** That’s probably more of an issue with organic food though – organic fruit and veg are more likely to be an uneven shape and size, but supermarkets (and consumers, I guess) still want uniformity, so all the gnarly ones are thrown away. But that’s a problem with the supermarkets really, rather than the organicness.
*** This is something I really would have expected an answer out of in the book, but I still don’t know. It seems they are bad in different ways.
**** The system will have to change, even if no one really knows yet what it will change to, it can’t stay as it is. That’s why I couldn’t really feel too bad about poor retail sales this Christmas. I mean, obviously it’s shitty for companies to close down shops and jobs to disappear, but this is what needs to happen, people need to buy much, much less if we are to have any hope of stopping climate change before it’s too late. I just really wish someone would come up with an answer of how capitalism should adapt and how we can find the money for people to do the (predominantly public and voluntary sector) things need doing now more than ever, like caring for people and thinking about a way out of this mess, when the tax receipts from the private sector are down.
***** Again though, that’s clearly not just because of the donated clothes. I don’t know much (anything, really!) about international development, but I wouldn’t have thought that many countries are pursuing a self-sufficient economic growth strategy anyway. Also there’s a quote from someone that goes ‘no country has ever fully developed without having a garment industry’. This kind of argument implies that the way for these countries to industrialise is what the developed countries have done, and that policies transfer across contexts straightforwardly. I have no idea how Eritrea or wherever can best increase development, but I’m pretty sure that being constrained to what has worked in the pre-globalisations past is not the answer.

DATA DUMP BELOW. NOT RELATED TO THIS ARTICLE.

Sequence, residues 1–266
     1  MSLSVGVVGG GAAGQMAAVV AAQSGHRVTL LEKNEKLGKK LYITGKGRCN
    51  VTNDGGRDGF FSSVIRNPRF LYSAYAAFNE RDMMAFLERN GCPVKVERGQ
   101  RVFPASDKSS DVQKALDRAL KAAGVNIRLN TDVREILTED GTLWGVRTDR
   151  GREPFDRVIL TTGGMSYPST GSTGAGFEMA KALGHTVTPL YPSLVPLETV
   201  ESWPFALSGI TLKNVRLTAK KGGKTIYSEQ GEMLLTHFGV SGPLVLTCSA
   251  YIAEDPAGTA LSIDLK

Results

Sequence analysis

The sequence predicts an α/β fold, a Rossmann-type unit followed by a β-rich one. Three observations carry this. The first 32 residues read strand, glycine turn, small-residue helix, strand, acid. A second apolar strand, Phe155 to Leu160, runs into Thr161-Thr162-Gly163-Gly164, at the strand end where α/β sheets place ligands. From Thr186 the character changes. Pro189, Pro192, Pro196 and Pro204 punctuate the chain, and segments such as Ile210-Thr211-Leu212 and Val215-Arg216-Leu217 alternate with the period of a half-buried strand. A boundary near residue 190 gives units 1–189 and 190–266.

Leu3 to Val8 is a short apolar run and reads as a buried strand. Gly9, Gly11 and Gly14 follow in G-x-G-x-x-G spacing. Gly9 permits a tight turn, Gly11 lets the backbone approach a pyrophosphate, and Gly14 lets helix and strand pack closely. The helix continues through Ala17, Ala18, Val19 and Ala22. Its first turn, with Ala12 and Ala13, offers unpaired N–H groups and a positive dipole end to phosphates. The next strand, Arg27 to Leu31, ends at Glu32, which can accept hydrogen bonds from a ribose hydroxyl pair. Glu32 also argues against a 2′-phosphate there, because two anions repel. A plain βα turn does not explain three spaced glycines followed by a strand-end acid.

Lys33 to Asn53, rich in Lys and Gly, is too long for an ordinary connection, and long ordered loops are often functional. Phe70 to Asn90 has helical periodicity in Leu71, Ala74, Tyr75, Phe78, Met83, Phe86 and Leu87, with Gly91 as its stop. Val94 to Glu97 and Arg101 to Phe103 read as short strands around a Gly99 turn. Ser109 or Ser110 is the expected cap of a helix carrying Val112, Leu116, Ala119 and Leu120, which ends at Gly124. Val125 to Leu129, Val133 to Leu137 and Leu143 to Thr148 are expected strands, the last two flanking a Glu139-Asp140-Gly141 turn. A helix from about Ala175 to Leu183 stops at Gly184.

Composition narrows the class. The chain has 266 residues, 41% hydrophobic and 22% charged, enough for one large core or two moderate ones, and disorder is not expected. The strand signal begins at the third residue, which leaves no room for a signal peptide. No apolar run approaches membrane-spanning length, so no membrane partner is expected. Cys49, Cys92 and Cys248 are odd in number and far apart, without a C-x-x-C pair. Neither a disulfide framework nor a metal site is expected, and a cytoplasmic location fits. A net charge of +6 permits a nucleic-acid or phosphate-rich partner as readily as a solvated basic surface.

****** There’s some discussion of habitat protection, biodiversity and the dying out of species. There’s also some weird picking and choosing of species that are worth protecting/whose treatment it’s worth getting angry about. It has always baffled me how people will get really exercised about killing certain species of animal for human gain, but not others. I don’t personally feel that a dog has more of a right to live and be treated well than a cow, for example.